Life, Nature, Passion
A retrospective and new selection of works, by
Decoy Café Bar Gallery, 303 Exhibition St, Melbourne
7 May - 2 August 2013
An exhibition of 21 works is currently on show at the Decoy Café at 303 Exhibition Street Melbourne. This exhibition extends to 2 August 2013. In this exhibition Mandy expresses her ideas through photography, mixed media and acrylic either directly applied on board or canvas or applied on those surfaces together with oils.
Mandy Hopkins was born in Melbourne, and after a l5 year career in the legal profession she studied an Advanced Certificate of Art and Design at Box Hill College of TAFE and also studied Art History and "2D" Art at the University of Melbourne. In the course of her career as an artist, Mandy worked as an Artist in Residence at Camberwell Girls Grammar School for a period of two years and produced commissioned and acquired work for both public and private collections.
She has gained prominence in the annual exhibitions of the Contemporary Art Society of Victoria, having won an honourable mention in 2001 (awarded by Godwin Bradbeer), 3rd prize in 2002 (awarded by Rick Amor), 2nd prize in 2003 (awarded by Jan Senbergs), an Honourable Mention in 2004, (by Geoffrey Ricardo), and 2nd prize awarded by Wilma Tabacco, 2005.
Mandy was selected as a finalist in the McLaren Vale Art Prize of the Fleurieu Art Foundation, and was also accepted and displayed in the Anti Cancer Council Daffodil Arts Day. Her "She who seeks the truth" was accepted for exhibition and Art prize at the Walker Street Gallery in Dandenong, and Continental Hotel, Sorrento. Her works have been exhibited in many galleries including Convent Gallery Daylesford, Mandarin Duck Carlton, Dairing Gallery Richmond, Chapel Off Chapel Gallery South Yarra, Cerabonas Carlton, and the Blackwood Street Gallery North Melbourne.
The current exhibition displays an intelligent and thoughtful exploration of varied themes and concepts. In the downstairs portion of the Decoy Café, Mandy has two photographs – a nude female study (Passion) and a study of red balloons under a bridge (Happy Birthday). Both works reveal great photographic skill and precision of image and are carefully composed. Although the subject matter of each work is different the central object is crisply defined providing a sense of drama.
Another theme in the show reveals an interest in the exploration of the tension created by the juxtaposition of simple objects on a textured surface. Thus in Volcanic Reaction, an overhead view of a cliff receding into the distant sea, is painted with simplicity and a flat layer of colour on a textured surface. The combination of the simple image, a limited range of colour (blue and black) on a an uneven textured surface suggests the energy of nature.
Similarly in Meteor, two panels each 91 x 122 cm are joined to produce an image of a meteor whirling through space. Somewhat abstracted and painted in tones of blue and white on an uneven lumpy surface the moving object is part of the flow of natural energy.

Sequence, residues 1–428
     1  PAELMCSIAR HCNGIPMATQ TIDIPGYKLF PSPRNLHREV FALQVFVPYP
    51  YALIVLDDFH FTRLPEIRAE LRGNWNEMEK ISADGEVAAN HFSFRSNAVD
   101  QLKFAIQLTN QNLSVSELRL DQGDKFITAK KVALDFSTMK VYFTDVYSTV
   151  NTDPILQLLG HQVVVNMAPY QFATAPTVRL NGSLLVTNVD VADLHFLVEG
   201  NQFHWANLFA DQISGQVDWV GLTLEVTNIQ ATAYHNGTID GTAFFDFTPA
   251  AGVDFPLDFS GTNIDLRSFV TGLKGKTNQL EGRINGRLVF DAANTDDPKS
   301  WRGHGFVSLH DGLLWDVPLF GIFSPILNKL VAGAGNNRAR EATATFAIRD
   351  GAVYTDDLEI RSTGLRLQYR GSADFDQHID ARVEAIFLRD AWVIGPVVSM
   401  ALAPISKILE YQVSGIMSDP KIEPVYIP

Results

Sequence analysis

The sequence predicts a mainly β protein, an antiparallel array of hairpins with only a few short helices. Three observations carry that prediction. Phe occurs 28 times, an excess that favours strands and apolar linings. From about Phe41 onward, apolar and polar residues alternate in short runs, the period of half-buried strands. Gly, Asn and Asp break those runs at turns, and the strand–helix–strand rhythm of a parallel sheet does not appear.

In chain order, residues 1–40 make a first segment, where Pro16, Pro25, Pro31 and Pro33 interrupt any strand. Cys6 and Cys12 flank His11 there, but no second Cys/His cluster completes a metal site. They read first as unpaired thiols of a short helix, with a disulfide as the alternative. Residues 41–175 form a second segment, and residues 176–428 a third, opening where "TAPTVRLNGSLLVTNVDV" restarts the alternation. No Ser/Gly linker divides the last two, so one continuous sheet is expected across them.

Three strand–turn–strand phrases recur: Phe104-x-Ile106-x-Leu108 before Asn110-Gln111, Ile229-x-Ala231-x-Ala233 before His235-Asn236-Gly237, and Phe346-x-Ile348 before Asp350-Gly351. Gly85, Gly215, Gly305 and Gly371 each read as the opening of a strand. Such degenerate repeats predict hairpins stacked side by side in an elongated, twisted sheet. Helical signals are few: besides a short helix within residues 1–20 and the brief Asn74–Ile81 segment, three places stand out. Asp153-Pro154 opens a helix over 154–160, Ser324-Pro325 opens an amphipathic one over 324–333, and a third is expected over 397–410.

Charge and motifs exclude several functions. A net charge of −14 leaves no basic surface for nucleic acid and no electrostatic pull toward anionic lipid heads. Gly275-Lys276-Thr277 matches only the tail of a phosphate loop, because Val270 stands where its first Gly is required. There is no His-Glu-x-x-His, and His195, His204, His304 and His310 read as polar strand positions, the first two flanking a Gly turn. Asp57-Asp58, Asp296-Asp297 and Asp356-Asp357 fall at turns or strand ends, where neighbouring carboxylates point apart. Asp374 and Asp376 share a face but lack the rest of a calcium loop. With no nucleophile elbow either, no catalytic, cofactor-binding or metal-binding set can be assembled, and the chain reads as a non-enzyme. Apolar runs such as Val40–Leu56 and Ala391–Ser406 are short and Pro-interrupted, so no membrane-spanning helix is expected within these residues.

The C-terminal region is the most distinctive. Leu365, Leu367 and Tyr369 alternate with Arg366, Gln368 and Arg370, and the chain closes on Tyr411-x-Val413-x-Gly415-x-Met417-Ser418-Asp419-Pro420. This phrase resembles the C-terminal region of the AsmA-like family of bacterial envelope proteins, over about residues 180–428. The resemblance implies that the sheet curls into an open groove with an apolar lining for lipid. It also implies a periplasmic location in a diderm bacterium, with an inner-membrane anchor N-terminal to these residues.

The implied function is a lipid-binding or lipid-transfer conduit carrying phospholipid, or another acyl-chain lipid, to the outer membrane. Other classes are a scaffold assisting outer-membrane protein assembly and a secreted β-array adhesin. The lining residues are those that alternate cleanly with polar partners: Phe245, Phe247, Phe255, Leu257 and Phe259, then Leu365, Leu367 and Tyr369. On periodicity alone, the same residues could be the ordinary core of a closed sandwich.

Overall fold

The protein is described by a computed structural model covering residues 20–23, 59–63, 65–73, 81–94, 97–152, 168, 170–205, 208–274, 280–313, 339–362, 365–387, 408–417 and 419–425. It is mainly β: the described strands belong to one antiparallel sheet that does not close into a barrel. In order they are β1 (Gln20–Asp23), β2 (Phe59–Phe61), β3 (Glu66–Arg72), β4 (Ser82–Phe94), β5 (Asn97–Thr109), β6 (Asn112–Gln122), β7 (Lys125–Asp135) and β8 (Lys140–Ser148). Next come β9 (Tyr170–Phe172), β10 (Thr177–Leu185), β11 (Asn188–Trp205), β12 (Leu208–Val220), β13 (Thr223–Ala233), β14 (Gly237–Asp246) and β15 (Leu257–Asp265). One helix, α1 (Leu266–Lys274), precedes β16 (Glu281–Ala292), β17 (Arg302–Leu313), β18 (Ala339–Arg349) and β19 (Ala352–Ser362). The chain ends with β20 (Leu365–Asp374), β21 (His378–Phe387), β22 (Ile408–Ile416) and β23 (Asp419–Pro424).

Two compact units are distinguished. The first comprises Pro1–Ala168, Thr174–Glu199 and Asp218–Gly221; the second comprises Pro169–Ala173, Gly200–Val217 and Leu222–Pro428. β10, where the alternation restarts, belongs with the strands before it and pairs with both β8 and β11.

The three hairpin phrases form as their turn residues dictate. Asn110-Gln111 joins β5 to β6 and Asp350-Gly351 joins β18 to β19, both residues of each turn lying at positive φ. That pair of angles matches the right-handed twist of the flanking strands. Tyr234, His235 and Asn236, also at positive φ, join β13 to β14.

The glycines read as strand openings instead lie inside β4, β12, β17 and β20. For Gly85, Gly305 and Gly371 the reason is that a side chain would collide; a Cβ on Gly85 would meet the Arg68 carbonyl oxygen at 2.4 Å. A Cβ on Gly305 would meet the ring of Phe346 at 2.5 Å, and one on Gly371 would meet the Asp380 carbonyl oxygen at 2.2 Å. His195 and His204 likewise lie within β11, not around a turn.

A further example of this style is Begging Bowl and Still Weaving, which juxtaposes a loosely painted bowl (oil paint) on a textured golden surface of acrylic paint. There is a tension between the two mediums which is explored in an understated way.
Somewhat looser and more spontaneous, acrylic on canvas Hollandia Nova seems to pursue an exploration of the force of nature and natural energy in an explosion of uncontrolled paint seemingly thrown onto the canvas. In limited colour soft beige and red, this work is a successful example of courageous painting with the artist prepared not to tinker with the accidentally created image.
For me, the most intriguing and satisfying part of the exhibition were the paintings exploring some fundamental shapes in the natural worlds - the cube, square, triangle, pyramid, circle and ellipse. Perhaps Mandy agrees with Paul Cezanne that “art has been and will be the contact to the intangible ideal, that humanity does not need to conquer, rather it needs to celebrate the untouched and the unknown.” The search for the metaphysical and intangible comes through also in Moon River, an acrylic and oil on board which depicts a moon painted on a blue sky. A simple image painted in blues, greys and a touch of pink suggests a spiritual dimension.
Further exploration of the elemental shapes of balls, pyramids, ellipses and eggs is Savoury Shapes, which is a well thought out carefully painted and thought provoking interplay of these fundamental shapes in nature. The pyramid is sometimes relied on as a symbol of wisdom linked with masculine energy (no offence to female readers intended) and the circular shapes with nature, fecundity and feminine energy. This painting brings to life this imagery and symbolism. Other examples of the play between the linear and oval shapes of nature can be found in The Spoon (acrylic and oil) and The Dish, an acrylic on canvas.
Although most of the work in the exhibition is reserved and contemplative, there are some paintings which evoke passion and turbulent emotion. In particular I was impressed by the dark reds and blues of Our Land with the smouldering soil of a bush fire ravaged land, and Sunburnt Country which isolates an animal form in a rectangle imposed on whirling background of swirling paint. Painted with a limited range of colour the restraint of this work adds to its emotional power as a cry of sorrow for the fate of animal life in such circumstances.
This is a thought provoking show which covers a wide range of subjects and displaying a confident and experienced artist at work and I encourage all members of the Society to see it.
Report by Nathan Moshinsky